I Can't Believe It: The Razer Blade Might Not Just Be the Future of PC Gaming—It May Be the Future of PCsS

Does PC gaming need to be saved? It's a question so arrogant it upset gamers for weeks after gaming peripheral manufacturer Razer posed it.

After seeing this morning's reveal of their new creation, the Razer "Blade" gaming laptop, I think I'm ready to go one better: I think Razer may not just save PC gaming—I think they may save Windows laptops entirely.

But Razer's got a big scrap ahead of them. The Blade doesn't go up against other gaming PCs—it's going toe to toe with the world's best hardware manufacturer. They're going to fight Apple.

You can build a perfectly decent gaming PC for less than a grand. The new Razer Blade costs $2,800. (I'll get to the price in a bit. It's a big deal—and something Razer is going to have to bring down.)

But here's something that PC gamers don't want to hear (and I say this as an owner of a shit-hot gaming tower of my own): PC gaming hardware is approaching a dead end.

PCs aren't going to die, but they are fast on their way to a niche industry. And it's not smartphones and iPads that are killing them—it's the lack of systemic innovation in the PC hardware space itself.

Look, it's not the ‘90s anymore. There aren't dozens of companies making PC hardware anymore, especially the sort that gamers need with real graphics horsepower. There are three: Intel, Nvidia, and AMD.

And really, if you want to get right down to it, there's just Intel. They're the only company with the capital, resources, and engineering prowess to move forward in the industry. (Nvidia may get there if their mobile Tegra platform finds customers in smartphones and tablets; they could use the revenue.)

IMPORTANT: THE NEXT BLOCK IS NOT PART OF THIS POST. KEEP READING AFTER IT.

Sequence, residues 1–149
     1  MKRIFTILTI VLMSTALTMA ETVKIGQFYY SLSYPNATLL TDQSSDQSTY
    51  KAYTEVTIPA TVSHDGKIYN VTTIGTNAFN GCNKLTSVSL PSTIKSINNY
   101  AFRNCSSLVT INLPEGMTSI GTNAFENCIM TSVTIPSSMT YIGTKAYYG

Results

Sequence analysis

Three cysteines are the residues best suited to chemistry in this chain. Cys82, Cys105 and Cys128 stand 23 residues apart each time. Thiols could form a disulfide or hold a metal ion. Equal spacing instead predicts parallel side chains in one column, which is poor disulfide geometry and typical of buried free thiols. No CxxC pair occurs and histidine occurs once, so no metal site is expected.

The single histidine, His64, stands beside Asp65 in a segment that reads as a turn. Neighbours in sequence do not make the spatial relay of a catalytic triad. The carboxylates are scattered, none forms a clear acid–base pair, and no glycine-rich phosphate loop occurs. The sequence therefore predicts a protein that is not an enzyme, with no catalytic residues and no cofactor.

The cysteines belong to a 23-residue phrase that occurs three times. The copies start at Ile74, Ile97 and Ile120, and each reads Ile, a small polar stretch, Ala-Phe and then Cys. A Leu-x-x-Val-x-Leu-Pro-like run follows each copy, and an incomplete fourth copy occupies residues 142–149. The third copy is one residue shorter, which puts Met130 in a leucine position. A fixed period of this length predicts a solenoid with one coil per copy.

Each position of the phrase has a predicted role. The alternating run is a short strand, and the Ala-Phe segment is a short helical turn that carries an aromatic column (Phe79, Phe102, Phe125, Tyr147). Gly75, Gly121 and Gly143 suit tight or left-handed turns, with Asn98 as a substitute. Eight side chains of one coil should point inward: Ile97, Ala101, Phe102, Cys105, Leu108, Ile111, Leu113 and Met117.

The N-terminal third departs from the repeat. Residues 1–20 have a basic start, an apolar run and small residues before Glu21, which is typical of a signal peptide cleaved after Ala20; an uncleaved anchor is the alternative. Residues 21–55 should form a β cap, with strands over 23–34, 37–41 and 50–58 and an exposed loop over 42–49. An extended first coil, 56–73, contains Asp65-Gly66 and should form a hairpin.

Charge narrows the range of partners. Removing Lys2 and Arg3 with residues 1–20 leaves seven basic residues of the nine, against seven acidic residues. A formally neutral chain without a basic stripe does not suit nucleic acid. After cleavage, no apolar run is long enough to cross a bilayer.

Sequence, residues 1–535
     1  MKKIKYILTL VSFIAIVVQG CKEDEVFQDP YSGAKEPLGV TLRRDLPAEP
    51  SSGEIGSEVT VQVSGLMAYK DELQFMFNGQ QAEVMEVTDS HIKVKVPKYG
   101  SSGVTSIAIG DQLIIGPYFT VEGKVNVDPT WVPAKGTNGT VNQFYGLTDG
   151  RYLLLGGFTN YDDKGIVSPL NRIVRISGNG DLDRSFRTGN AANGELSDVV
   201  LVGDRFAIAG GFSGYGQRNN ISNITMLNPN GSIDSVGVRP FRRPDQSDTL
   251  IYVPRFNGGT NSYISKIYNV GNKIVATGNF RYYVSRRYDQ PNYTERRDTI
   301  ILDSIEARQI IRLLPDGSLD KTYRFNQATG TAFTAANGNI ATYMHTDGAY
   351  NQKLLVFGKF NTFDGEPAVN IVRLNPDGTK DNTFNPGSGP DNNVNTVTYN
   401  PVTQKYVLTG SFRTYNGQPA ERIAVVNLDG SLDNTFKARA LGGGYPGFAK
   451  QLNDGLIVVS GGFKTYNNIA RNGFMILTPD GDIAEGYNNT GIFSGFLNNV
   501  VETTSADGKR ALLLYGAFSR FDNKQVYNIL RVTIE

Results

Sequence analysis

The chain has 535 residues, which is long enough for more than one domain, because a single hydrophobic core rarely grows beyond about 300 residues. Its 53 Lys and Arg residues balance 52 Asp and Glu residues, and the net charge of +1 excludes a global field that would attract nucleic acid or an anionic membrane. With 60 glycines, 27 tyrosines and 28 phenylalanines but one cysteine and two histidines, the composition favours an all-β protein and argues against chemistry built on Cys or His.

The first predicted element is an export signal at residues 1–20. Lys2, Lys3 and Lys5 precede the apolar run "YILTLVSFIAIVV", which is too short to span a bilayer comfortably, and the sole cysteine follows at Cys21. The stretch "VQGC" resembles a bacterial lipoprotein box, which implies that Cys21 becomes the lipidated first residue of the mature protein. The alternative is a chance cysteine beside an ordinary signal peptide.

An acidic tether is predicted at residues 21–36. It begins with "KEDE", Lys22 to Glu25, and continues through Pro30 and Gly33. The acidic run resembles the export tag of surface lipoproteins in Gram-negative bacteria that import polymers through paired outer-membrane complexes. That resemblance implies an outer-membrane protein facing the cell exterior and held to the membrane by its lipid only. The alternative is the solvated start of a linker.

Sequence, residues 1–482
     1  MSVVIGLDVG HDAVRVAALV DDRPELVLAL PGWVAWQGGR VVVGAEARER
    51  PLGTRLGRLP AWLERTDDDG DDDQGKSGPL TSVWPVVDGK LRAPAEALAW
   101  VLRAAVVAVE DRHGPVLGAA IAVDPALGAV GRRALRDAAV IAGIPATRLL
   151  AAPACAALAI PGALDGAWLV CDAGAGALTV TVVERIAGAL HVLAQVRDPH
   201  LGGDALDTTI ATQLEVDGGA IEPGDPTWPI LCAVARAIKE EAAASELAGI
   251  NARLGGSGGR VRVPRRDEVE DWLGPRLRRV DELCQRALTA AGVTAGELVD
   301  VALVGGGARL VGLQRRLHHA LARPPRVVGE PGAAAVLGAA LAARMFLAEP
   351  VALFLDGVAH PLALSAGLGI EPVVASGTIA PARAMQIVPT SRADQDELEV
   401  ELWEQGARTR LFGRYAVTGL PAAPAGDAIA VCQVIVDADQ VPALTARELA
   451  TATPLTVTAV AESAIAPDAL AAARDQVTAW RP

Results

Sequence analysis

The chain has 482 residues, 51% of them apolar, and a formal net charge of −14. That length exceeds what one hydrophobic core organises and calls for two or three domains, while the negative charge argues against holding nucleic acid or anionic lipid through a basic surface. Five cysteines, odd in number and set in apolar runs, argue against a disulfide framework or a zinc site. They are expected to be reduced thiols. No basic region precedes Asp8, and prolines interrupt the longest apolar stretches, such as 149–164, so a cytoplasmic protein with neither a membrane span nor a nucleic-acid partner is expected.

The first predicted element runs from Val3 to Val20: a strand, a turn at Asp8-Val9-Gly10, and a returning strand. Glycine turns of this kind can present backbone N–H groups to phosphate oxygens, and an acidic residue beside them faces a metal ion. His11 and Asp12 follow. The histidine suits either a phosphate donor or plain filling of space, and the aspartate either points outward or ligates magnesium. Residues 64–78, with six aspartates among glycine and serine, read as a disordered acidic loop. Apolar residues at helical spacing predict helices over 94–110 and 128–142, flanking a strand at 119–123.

But for years, Intel has been operating as a company fearful of accusations of monopoly, even though they largely have had no real threatening competition. But oops, here comes Apple using lovely mobile hardware that is fast approaching Good Enough status for even "real" computing in their mobile hardware.

Guess what? In another generation or two, those iPhone chips are going to be fast enough to power a decent laptop. It won't be long before the MacBook Air and the iPad meet in the middle, not just in interface, but in hardware.

So where does that leave the PC hardware world? HP just bailed on PC hardware. Dell's a rounding error for mid-sized corporate bulk computers. Apple's moving through the consumer space like crazy, becoming the laptop of choice for not just students and creatives, but everyone but PC gamers.

What PC gaming needs are platforms. I know many of you gamers out there don't want to see it—the varied choice and the ability to customize your hardware is part of why you love PC gaming. (And Android phones, I'm sure.) But it's holding back one of the things that made PC gaming so wonderful for years: raw power.

Why do Xbox games running on six-year-old hardware look nearly as good as a modern PC games? Don't quibble with me about resolution, texture quality, etc. You'd be missing the forest for the trees. Console games look close enough to PC games, despite PC gaming hardware being ten times as computationally powerful.